Referring now to FIG. 4, a logic flow diagram illustrating a detailed exemplary computer-implemented process for navigating between separate application programs will be described. Decision step 410 is the first step of the detailed navigation process 400. In decision step 410, it is determined whether an internal program link such as the internal program links to 250B have been activated. If the inquiry to decision step 410 is positive, then the “yes” branch is followed to routine 415 in which the internal program link routine is performed. If the inquiry to decision step 410 is negative, then the “no” branch is followed to decision step 420.

In decision step 420, it is determined whether a cross program link such as cross program link 230B illustrated in FIG. 2B has been activated. If the inquiry to decision step 420 is positive, then the “yes” branch is followed to routine 425 in which the cross program link routine is performed. If the inquiry to decision step 420 is negative, then the “no” branch is followed to decision step 430.

In decision step 430, it is determined whether a back function such as the back function button 210 illustrated in FIG. 2B has been activated. If the inquiry to decision step 430 is positive, then the “yes” is followed to routine 435 in which the back function routine is performed. If the inquiry to decision step 430 is negative, then the “no” branch is followed to decision step 440.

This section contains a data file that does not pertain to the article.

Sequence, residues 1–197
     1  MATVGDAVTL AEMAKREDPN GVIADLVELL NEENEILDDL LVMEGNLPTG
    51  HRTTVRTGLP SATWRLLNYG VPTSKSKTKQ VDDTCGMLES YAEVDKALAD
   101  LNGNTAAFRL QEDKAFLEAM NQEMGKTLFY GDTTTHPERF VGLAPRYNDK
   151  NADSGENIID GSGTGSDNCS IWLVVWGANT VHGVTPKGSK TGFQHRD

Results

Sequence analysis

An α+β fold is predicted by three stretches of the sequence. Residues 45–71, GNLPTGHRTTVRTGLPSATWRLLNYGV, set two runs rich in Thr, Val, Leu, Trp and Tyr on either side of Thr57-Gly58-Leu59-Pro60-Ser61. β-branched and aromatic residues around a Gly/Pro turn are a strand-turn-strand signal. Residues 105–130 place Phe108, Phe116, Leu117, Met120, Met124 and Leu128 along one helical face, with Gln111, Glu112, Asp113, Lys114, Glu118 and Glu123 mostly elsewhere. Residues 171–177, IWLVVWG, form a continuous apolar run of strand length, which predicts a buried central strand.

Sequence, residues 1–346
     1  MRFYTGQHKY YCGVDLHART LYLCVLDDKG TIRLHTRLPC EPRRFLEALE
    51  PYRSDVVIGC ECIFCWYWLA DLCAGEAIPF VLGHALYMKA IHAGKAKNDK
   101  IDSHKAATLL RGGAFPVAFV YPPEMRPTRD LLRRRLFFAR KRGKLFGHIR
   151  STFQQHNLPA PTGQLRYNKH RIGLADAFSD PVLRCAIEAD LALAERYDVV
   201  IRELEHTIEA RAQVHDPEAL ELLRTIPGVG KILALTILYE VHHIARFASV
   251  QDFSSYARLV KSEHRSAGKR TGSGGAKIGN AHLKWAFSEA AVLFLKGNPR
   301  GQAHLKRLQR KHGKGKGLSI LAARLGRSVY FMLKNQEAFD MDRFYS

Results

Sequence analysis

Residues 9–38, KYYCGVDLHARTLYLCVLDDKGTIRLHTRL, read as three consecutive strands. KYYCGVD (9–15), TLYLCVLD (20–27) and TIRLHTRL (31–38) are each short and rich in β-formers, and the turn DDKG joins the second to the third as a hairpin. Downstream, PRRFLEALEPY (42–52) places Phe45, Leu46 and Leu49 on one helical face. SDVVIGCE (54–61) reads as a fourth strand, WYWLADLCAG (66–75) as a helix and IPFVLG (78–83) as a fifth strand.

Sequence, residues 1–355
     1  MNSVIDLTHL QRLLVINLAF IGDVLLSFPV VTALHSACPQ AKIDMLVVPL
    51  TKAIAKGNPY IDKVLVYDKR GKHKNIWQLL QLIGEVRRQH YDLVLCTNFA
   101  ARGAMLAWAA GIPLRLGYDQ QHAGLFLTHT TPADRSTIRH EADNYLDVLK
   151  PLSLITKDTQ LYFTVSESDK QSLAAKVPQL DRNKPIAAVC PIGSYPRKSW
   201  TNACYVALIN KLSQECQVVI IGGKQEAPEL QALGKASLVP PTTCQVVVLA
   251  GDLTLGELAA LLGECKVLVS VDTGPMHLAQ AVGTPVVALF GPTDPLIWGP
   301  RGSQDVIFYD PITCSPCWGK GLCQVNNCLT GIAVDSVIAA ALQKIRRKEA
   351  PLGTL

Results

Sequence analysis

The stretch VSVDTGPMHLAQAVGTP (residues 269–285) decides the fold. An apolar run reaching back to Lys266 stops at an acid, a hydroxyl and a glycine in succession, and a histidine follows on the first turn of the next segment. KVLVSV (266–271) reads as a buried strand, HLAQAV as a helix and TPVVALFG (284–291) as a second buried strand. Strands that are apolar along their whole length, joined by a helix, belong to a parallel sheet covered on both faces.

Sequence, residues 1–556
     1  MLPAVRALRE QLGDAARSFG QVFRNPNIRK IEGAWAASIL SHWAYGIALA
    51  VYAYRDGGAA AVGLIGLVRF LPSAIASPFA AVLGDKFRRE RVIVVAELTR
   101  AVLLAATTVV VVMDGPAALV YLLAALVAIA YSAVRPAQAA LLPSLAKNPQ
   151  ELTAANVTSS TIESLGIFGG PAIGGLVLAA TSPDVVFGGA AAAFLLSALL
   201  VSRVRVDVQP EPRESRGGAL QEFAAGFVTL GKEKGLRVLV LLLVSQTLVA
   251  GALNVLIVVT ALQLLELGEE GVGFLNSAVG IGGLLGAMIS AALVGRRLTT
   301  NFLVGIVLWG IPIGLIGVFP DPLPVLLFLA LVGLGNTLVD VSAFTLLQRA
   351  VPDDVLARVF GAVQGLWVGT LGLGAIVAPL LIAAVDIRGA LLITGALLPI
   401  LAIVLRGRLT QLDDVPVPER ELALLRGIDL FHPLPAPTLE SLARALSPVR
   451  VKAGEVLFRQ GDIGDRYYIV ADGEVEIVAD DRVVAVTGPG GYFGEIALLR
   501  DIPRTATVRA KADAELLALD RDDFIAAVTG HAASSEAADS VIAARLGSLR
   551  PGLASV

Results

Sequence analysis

In decision step 440, it is determined whether the forward function has been activated such as the forward function button 220B as illustrated in FIG. 2B. If the inquiry to decision step 440 is positive, then the “yes” branch is followed to routine 445 in which the forward function routine is performed. If the inquiry to decision step 440 is negative, then the “no” branch is followed to decision step 450.

In decision step 450, it is determined whether a suite menu link or a search result link has been activated such as the suite menu link 240B or search result link 245B as illustrated in FIG. 2B. If the inquiry to decision step 450 is positive, then the “yes” branch is followed to routine 455 in which the suite menu link or search result link routine is performed. If the inquiry is decision step 450 is negative, then the “no” branch is followed to the last step 460.